We agree with appellants' contention that there was but one conspiracy charged in this indictment — a conspiracy to cheat and defraud the county out of a sum of money approximating $10,000, the aggregate of the sums set out in subsequent counts. The essential issue for the jury was not whether Williams presented, and Breese approved, on October 22d, a certain bill for road materials by which the county was cheated out of $6,290, or a bill on November 19, 1928, by which it lost $2,572, but whether Breese and Williams were parties to a conspiracy to defraud the county by procuring the award of the contract to Williams and the presentation, certification and collection of fraudulent bills thereunder. The amount fraudulently collected on any particular bill was not important, nor was the ascertainment of the exact amount out of which the county was defrauded essential to the conviction. If the theory of the Commonwealth is sound and the maximum punishment could be imposed upon both the third and fourth counts, it could also be inflicted under the fifth, sixth, seventh and eighth and a total maximum term of twelve years imposed. The suggestion in the brief for the Commonwealth that restitution as a part of the sentence could not be fully accomplished unless the right of the court to sentence on each count is upheld does not impress us. Section 179 of the Act of March 31, 1860, P.L. 382, 425, provides, among other things, that on all convictions for the unlawful and fraudulent obtaining of any property, made the *Page 224 subject of larceny, the defendant shall, in addition to the punishment prescribed in the applicable section, be adjudged to restore to the owner the property taken, etc. When it appears, as it does in this case, that defendants convicted of conspiracy have actually defrauded any person or body corporate, they may properly be sentenced to make restitution of the amount fraudulently obtained, but we see no reason why in sentencing these appellants generally under the indictment, or with particular reference to the first or second count thereof, they should not be directed to make restitution of the amount shown by the evidence to have been unlawfully obtained by them: Com. ex rel. v. Francies, 67 Pa. Super. 588. By reason of the peculiar characteristics of the crime of conspiracy, consideration of decisions relative to sentences for other offenses affords little aid, but see generally Com. ex rel. v. Ashe, 293 Pa. 18, for the proposition that a sentence under an indictment containing several counts, charging substantially the same offense under different acts, should be limited to punishment for the most serious, single offense.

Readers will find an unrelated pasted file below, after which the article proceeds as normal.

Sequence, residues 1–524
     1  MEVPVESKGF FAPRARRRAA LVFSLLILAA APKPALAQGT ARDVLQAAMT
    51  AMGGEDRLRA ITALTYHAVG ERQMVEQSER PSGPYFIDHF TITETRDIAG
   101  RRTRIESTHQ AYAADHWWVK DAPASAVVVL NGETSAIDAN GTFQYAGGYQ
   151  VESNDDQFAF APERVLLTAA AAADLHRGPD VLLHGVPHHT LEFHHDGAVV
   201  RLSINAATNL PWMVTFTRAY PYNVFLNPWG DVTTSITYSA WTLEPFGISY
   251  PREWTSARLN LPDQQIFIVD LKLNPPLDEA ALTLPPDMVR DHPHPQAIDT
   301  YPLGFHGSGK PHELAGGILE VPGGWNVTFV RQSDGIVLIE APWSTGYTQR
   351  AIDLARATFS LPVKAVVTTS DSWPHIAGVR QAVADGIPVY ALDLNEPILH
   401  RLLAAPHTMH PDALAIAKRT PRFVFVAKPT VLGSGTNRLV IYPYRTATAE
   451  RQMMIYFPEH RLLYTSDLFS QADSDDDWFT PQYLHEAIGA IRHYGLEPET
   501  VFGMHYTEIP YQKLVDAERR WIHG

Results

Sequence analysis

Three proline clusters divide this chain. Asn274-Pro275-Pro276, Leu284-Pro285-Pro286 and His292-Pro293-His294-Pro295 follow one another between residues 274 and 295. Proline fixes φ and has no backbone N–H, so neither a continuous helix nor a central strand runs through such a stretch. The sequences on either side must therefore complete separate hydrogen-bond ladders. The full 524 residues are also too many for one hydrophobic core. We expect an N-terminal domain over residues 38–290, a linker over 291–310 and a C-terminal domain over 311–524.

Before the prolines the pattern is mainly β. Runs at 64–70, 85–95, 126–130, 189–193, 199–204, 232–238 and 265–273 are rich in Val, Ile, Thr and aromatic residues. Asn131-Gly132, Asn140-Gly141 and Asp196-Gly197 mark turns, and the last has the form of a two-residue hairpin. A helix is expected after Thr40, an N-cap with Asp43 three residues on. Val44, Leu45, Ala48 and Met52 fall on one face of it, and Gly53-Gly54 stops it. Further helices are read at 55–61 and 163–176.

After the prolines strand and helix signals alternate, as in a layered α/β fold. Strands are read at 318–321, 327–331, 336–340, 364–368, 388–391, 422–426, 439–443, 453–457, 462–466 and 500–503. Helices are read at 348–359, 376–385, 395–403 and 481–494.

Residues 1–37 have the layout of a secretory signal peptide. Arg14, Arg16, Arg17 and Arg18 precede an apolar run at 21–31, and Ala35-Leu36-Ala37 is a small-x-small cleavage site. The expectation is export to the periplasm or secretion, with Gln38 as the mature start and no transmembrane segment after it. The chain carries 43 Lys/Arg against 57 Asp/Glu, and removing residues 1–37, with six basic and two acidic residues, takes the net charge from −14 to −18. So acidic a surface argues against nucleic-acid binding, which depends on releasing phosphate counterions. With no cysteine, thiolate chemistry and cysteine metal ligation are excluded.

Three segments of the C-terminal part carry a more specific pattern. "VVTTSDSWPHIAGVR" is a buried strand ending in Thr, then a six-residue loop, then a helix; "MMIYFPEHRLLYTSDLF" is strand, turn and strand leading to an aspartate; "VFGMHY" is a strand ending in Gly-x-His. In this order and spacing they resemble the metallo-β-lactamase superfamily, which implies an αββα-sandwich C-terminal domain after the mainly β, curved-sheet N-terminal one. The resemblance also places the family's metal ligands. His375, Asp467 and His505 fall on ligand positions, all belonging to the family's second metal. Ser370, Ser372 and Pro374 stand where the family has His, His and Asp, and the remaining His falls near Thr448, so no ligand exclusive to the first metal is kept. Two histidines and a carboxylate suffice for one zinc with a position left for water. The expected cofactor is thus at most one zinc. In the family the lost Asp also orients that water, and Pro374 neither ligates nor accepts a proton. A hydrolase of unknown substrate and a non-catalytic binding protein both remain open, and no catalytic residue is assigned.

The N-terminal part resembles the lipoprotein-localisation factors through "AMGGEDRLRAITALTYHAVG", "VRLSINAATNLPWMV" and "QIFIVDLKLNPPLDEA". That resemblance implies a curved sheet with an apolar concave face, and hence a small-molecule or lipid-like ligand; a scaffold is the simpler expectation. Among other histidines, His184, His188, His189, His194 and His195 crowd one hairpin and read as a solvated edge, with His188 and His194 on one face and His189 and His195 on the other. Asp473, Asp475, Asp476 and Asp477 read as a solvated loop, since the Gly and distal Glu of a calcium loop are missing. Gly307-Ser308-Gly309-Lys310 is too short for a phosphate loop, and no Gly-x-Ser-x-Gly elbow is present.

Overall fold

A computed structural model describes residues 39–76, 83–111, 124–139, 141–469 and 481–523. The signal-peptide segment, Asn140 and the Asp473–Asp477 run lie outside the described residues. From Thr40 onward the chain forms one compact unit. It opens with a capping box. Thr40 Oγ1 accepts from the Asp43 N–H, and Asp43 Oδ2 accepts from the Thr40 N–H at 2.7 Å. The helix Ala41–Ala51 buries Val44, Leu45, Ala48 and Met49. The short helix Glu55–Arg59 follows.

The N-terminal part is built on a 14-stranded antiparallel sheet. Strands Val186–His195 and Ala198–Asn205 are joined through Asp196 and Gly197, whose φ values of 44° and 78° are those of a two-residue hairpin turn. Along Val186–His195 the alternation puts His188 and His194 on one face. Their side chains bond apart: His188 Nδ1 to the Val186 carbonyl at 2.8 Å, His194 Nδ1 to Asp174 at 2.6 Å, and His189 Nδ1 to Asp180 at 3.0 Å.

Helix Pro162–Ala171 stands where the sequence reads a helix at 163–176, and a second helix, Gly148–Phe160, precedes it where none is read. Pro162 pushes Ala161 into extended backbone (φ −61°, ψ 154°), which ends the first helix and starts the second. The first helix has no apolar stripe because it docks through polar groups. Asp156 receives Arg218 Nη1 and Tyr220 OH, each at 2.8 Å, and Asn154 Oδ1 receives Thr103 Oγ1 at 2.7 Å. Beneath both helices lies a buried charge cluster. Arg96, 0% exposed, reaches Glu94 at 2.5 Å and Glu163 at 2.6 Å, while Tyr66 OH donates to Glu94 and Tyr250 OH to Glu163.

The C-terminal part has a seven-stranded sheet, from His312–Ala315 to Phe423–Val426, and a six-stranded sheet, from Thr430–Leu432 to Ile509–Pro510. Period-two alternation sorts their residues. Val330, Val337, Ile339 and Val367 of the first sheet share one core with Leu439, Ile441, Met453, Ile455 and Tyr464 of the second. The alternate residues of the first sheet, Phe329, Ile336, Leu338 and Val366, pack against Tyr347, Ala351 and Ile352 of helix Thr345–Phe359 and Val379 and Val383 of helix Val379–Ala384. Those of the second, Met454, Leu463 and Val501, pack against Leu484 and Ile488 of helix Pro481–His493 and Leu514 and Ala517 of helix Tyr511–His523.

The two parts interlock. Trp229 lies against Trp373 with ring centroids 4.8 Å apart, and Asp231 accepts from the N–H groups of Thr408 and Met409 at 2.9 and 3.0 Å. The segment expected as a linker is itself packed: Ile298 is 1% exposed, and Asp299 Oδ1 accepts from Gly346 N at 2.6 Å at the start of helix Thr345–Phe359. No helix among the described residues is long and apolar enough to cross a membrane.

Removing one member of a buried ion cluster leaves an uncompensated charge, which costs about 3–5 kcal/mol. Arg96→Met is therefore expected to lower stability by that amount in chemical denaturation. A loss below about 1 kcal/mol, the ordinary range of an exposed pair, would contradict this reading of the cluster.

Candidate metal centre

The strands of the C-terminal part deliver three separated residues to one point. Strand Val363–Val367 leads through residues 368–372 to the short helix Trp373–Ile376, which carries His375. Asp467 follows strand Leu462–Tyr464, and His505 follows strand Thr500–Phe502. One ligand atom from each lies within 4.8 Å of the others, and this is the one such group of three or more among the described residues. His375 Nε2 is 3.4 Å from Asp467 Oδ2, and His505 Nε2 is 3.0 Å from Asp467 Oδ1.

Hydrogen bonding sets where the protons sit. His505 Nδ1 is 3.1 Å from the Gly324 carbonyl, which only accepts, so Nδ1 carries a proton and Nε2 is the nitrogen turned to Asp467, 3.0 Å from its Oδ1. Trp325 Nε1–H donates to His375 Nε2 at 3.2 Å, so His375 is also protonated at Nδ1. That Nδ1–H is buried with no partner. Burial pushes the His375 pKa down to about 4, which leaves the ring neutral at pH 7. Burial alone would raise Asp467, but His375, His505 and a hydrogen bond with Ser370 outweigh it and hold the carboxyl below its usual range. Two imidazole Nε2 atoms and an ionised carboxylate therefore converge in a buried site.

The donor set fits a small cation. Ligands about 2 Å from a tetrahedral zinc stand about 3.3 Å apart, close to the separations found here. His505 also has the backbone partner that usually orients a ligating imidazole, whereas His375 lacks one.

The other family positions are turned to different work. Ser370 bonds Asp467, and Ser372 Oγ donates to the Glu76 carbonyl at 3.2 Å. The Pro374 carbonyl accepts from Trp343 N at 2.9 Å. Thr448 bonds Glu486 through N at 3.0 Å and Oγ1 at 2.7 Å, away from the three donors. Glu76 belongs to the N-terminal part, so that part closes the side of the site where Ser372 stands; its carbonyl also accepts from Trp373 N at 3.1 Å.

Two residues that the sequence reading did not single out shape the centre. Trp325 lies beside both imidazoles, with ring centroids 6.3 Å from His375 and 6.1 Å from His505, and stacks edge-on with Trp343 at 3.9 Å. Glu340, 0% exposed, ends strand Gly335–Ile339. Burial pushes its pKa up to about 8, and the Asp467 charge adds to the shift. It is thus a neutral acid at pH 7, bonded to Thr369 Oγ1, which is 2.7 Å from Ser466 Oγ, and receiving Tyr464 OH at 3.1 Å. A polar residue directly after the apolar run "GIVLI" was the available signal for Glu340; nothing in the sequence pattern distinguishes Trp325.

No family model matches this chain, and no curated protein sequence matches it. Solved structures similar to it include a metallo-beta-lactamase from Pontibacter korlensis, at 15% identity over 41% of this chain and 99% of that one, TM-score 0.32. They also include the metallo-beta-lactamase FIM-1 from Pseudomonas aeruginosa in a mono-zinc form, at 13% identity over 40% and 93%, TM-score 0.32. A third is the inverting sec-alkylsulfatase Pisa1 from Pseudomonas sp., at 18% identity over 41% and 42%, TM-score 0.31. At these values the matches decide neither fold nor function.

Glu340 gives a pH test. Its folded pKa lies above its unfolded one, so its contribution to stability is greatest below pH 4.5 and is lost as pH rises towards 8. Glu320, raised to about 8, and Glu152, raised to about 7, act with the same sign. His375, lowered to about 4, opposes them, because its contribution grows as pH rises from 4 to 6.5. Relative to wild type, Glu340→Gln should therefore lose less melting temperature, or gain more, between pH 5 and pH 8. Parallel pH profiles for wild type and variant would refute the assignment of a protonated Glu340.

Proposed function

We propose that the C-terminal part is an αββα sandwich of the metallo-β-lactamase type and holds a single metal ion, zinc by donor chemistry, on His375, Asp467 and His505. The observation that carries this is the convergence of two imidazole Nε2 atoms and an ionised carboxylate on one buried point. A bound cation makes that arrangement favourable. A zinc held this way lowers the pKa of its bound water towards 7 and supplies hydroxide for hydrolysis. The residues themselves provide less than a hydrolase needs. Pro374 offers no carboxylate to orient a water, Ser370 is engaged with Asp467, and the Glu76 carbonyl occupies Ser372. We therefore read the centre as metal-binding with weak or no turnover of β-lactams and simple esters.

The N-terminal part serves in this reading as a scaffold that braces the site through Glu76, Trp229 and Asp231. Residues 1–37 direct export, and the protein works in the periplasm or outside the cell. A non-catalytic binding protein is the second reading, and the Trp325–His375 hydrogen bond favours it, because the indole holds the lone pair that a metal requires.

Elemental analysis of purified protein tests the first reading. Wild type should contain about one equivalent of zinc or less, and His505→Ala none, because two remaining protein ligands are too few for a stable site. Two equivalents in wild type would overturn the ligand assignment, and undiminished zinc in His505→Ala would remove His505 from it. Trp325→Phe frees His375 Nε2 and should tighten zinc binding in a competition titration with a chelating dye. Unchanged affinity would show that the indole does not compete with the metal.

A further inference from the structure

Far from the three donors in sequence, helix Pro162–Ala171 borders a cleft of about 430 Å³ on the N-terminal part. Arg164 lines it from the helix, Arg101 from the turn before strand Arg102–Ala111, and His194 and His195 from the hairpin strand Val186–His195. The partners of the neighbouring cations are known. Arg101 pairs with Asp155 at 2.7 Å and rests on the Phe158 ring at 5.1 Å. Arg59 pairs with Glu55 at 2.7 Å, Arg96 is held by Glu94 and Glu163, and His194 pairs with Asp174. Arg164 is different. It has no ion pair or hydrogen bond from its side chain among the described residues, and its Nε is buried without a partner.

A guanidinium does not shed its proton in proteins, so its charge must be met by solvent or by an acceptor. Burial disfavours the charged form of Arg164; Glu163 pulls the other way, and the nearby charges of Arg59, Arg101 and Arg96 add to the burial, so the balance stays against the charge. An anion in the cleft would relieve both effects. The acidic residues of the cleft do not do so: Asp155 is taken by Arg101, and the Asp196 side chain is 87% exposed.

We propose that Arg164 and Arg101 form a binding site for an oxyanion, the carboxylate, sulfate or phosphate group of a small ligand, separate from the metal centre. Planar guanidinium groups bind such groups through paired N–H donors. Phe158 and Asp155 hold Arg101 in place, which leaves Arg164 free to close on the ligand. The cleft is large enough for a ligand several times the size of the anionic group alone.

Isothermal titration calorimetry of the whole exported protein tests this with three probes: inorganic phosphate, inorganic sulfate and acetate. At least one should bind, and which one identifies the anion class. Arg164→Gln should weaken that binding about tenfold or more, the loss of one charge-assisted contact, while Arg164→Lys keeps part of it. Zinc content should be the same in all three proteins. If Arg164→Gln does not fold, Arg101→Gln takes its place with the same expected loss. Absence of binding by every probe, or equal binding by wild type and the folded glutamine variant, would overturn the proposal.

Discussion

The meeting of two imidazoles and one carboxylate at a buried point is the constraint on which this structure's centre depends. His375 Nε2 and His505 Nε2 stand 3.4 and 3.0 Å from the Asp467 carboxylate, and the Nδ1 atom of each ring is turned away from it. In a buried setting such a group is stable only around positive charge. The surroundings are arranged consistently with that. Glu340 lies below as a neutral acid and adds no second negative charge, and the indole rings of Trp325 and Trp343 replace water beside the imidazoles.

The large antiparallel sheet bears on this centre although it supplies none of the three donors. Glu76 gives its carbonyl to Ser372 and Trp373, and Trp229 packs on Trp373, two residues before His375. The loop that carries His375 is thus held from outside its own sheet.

Our conclusion is that these appellants cannot lawfully be sentenced under this indictment and verdict to pay a fine in excess of $500 and that the term of their imprisonment cannot be longer than from one to two years; in addition to such fine and imprisonment each may be directed to make restitution to the county of such sum as the court below may find from the evidence has been unlawfully and fraudulently obtained.

    The convictions are affirmed, but, to the extent that the sentences appealed from exceed the punishment above indicated, the assignments of error are sustained: Com. v. Camwell, 89 Pa. Super. 339,352.

    The record is remitted to the court below with directions to proceed to sentence the appellants anew in due order and according to law. *Page 225